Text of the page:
Investors are pouring money into mutual funds and exchange traded funds that hold inflation-protected bonds and commodities as protection against inflation.
The worry is that the massive fiscal and monetary stimulus implemented to fight the recession won’t be withdrawn quickly enough to avoid a jump in inflation.
In November alone, investors allocated $3.9 billion to commodity-related mutual funds and ETFs and $2 billion to mutual funds holding inflation-protected bonds, according to research firm Morningstar.
Even stock funds are seeking hedges against inflation, putting money into basic materials companies and companies that can raise prices.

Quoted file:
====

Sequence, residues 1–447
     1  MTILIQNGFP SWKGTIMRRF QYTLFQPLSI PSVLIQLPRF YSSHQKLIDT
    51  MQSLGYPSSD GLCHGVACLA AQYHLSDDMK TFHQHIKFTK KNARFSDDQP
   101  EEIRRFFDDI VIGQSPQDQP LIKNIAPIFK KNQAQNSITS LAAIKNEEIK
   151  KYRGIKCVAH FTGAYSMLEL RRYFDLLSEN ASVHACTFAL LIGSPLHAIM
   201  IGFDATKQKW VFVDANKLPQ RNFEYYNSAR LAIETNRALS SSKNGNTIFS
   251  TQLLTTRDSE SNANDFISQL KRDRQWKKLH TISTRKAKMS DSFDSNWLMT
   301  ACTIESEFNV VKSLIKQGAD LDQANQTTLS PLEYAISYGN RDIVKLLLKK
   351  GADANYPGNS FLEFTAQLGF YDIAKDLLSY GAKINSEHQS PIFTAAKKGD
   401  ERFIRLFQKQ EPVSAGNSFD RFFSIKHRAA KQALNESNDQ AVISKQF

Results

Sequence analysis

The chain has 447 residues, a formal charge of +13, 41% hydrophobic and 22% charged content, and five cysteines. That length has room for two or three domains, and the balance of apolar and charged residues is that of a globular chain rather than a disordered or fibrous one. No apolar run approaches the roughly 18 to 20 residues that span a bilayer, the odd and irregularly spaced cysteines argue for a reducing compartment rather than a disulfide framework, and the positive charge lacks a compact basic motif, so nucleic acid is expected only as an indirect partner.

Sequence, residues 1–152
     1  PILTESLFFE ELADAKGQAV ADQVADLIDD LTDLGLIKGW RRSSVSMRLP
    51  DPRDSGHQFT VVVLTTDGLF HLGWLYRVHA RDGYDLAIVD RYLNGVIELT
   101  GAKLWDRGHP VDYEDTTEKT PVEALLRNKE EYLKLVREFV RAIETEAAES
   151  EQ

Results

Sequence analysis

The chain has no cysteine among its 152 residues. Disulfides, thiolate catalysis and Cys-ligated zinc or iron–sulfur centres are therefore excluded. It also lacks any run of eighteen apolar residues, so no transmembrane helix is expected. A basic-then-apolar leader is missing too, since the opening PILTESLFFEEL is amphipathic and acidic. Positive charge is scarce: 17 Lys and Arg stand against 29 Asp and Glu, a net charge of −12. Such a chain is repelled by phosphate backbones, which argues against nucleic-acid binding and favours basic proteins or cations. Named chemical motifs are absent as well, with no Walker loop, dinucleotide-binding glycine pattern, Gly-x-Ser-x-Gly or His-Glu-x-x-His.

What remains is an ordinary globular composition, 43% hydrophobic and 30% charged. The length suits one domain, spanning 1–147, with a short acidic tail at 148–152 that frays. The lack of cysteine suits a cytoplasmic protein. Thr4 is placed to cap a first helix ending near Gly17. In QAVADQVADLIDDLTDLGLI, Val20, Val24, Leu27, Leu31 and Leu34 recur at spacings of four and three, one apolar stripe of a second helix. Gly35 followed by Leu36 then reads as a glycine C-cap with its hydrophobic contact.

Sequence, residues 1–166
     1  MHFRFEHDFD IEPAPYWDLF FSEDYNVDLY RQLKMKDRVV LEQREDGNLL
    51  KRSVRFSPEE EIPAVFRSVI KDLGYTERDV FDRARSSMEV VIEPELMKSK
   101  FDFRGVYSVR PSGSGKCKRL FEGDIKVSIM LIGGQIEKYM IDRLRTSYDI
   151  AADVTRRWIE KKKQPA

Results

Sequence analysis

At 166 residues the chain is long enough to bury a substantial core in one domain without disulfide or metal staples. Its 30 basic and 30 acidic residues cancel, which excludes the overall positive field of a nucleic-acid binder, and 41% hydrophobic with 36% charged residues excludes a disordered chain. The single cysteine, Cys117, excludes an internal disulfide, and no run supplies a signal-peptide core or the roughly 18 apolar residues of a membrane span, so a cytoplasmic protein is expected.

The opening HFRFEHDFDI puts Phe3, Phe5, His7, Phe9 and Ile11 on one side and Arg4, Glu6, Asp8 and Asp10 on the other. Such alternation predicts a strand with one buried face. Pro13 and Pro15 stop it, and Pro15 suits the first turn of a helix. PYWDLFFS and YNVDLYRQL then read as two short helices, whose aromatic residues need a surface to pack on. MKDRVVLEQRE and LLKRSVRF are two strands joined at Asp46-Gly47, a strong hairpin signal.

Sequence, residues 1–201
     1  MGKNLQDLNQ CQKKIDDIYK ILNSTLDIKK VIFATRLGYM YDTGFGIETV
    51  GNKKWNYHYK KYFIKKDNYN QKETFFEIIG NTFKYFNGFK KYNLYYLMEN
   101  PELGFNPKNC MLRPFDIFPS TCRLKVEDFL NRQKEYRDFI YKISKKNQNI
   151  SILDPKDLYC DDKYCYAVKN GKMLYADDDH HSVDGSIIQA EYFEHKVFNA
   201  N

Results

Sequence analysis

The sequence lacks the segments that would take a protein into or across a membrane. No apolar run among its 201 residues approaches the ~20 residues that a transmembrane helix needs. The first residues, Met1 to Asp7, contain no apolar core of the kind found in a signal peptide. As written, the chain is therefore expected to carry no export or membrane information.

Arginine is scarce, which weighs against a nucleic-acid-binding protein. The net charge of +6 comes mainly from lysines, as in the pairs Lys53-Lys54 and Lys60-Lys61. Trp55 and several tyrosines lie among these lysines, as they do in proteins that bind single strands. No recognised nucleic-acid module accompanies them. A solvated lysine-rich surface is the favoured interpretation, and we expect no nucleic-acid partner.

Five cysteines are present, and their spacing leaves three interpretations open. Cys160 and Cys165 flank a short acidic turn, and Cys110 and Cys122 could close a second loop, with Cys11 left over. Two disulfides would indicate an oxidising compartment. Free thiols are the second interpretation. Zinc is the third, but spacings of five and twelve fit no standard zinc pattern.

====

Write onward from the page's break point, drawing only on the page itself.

"I'm very skeptical that the Fed is going to be able to sop up the liquidity in a timely period," John Longo, chairman of the investment committee at money manager MDE Group, told The Wall Street Journal.
With consumer prices actually down 0.2 percent in the year through November, inflation isn’t a worry now.
"Investors have a year or two to build a bomb shelter against inflation," Milton Stern, a principal at investment adviser Bridgewater Advisors, tells The Journal. But that doesn’t mean you should wait.
"Nobody is going to ring a bell and say now's the time to get inflation protection," he said.
The 1.8 percent rise in producer prices for November has many worried about inflation. “Given the move up in gold and commodities and the drop in the dollar in recent months, we remain concerned about the longer-run outlook for inflation," RDQ Economics wrote its clients.
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